State School Board approves extension of NCLB waiver

Published: Friday, Aug. 8 2014 6:00 p.m. MDT

Lynda Roper, joins with other protesters demonstrating Friday, Aug. 8, 2014, prior to the Utah Board of Education's vote on whether to request an extended waiver from the Adequate Yearly Progress requirements of No Child Left Behind.

Scott G Winterton, Deseret News

SALT LAKE CITY — Utah schools will continue to operate outside the bounds of No Child Left Behind during the upcoming school year.

On Friday, the State School Board voted unanimously to request an extension of Utah's waiver from the frequently criticized federal education law.

The extension request approved by the board — which is subject to approval by the U.S. Department of Education — includes several statements affirming Utah's right to control its standards, assessments and educator evaluations.

Those clarifications were made as part of an effort to reach a compromise on the issue, which has divided the board for several months and generated significant debate among educators, parents and policymakers.

"We do feel it’s a good compromise and we can move forward, protecting the rights of our state and control over our public education system while also getting some flexibility to the onerous demands of No Child Left Behind," board Chairman Dave Crandall said.

But while the board was able to come together on the decision, many were displeased that the waiver will continue.

Prior to the meeting, protesters lined 500 South outside the Utah State Office of Education, chanting "no more Common Core" and "kick the Core out the door" while waiving signs critical of federal intrusion into Utah schools.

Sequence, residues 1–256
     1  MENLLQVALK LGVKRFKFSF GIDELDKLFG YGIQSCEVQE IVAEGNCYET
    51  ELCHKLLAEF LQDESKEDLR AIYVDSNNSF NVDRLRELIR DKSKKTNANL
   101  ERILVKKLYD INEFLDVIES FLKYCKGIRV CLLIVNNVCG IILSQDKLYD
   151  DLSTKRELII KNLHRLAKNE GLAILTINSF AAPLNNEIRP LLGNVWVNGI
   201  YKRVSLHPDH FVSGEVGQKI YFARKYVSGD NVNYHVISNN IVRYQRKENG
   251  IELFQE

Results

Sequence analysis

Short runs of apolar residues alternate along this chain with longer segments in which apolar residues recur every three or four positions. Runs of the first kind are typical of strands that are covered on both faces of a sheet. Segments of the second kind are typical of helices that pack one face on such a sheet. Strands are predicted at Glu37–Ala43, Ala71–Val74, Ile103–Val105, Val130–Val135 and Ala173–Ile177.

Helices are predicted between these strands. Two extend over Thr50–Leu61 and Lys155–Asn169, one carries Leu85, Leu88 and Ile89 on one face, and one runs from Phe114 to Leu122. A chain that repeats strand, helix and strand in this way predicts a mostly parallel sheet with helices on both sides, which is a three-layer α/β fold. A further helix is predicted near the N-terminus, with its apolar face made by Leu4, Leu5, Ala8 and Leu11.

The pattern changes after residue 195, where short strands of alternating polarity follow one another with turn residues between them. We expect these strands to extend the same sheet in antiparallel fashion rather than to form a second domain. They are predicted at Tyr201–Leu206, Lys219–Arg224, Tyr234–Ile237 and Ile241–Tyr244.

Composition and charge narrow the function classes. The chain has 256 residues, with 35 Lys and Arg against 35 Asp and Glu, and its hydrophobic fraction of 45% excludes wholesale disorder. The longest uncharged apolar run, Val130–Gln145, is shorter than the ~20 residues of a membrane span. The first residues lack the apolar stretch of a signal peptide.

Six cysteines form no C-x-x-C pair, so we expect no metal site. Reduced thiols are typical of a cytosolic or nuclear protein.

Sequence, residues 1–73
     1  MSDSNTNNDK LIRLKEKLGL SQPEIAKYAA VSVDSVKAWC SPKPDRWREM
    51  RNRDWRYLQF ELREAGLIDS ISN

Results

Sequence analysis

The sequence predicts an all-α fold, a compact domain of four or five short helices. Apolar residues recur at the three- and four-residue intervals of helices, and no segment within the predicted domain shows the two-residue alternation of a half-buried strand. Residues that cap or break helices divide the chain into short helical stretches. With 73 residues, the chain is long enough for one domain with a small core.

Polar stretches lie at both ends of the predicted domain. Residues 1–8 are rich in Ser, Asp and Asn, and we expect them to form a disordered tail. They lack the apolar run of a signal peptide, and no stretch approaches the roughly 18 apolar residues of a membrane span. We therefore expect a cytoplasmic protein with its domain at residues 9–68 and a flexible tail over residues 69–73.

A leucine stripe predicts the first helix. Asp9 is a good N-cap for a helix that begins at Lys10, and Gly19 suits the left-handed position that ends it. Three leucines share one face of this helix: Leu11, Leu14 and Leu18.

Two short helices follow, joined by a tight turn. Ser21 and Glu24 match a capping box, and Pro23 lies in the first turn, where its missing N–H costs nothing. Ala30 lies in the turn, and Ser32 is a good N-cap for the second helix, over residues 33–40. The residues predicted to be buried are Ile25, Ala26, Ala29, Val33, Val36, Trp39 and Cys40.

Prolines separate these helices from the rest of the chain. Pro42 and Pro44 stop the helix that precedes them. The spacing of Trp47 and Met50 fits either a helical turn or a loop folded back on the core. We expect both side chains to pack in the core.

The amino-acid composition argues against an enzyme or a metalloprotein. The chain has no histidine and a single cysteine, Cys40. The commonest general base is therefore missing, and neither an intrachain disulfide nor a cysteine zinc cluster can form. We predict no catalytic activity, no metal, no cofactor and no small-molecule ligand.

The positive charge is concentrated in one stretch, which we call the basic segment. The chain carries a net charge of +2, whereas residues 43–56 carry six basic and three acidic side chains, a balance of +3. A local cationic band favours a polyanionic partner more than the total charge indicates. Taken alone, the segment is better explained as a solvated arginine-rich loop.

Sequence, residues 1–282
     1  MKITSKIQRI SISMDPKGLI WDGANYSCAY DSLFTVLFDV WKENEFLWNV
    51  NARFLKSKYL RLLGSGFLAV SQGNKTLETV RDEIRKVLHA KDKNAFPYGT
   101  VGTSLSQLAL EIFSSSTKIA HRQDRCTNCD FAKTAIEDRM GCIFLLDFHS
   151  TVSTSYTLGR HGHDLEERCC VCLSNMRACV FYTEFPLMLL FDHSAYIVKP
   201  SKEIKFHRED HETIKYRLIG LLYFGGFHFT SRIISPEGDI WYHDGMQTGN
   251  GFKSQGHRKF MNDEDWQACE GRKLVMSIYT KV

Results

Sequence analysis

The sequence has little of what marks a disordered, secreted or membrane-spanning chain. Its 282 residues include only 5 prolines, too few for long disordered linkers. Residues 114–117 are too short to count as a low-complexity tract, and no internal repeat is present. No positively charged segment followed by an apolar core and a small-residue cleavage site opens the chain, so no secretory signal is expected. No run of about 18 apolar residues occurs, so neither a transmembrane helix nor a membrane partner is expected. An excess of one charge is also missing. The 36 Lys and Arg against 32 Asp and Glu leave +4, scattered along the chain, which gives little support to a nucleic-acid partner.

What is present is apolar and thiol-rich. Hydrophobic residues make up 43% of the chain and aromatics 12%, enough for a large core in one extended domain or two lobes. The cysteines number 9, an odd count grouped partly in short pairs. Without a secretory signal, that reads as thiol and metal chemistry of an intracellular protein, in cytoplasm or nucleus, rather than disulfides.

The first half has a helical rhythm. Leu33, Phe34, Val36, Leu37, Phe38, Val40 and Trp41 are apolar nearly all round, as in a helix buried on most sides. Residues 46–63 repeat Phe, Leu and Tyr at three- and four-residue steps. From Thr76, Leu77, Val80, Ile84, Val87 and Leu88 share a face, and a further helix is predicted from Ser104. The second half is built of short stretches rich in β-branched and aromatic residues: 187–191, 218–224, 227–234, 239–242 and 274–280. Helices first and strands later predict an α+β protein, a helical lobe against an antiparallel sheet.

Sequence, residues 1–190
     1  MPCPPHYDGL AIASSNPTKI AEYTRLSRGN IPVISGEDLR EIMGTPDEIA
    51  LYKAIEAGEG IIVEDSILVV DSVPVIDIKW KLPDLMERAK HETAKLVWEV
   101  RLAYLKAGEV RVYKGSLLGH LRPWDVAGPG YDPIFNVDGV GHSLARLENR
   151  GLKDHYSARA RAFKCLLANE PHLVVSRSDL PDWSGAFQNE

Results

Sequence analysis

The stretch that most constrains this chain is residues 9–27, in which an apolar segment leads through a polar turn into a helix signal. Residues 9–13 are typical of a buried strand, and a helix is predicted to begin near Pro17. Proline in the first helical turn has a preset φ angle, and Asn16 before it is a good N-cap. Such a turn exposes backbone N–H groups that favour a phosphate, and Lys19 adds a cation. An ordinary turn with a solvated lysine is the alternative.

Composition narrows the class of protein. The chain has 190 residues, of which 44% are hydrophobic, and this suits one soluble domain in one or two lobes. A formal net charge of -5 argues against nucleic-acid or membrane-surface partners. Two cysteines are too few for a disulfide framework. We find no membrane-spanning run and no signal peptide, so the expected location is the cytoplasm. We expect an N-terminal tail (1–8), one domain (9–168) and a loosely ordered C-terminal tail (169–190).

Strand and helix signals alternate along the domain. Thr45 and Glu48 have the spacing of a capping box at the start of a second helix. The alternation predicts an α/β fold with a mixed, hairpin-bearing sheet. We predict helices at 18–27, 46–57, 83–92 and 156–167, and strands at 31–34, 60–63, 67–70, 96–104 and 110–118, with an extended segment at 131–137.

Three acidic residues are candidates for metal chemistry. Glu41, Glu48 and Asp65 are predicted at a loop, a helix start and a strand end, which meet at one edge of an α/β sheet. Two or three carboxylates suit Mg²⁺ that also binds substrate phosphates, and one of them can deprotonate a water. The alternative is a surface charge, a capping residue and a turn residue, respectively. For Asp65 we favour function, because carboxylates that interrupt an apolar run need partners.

The State School Board adopted the Common Core prior to and independent from requesting a waiver from No Child Left Behind. But those critical of the Core view the waiver's requirement for college- and career-ready standards as an implicit mandate that states adopt the Common Core.

Waiver opponents also worry about the message the state sends by accepting the waivers, which are seen by some as an inappropriate use of executive powers.

"The current administration is overstepping their authority with these waivers," said Alisa Ellis, a Wasatch County parent and education activist. "We have a runaway department of (education) who believe they are above the law."

No Child Left Behind requires that schools achieve 100 percent student proficiency on year-end tests or be labeled as failing and subject to financial and operational restrictions.

Without a waiver, effectively every school in the state would be labeled as a failing school and roughly $25 million in federal Title 1 funding would be set aside for federally mandated purposes.

Since receiving an initial waiver in 2012, Utah education officials have developed unique tests, teacher evaluations and a school accountability system for the state, all of which would have been threatened by returning to No Child Left Behind.

"They’ve all been in place for some time now, so (ending) this waiver would have slowed down some things that we feel are really helping us move along and improve education in the state," said Steve Carlsen, superintendent of Carbon School District and president of the Utah School Superintendents Association.

Board members were also accused of putting politics before the needs of students by considering a return to No Child Left Behind.

Ann Geary, a school board member from Logan who spoke on behalf of the Utah School Boards Association, said because the waiver affects Title 1 funding, the consequences of ending the waiver would be disproportionately felt by low-income students.

"You are considering dismantling these opportunities for our most vulnerable children so that you can make a political statement," Geary told board members. "It is unbelievable that you might return to greater federal control."

But those opposed to the waiver argued that the road to local control begins with the termination of Utah's waiver.

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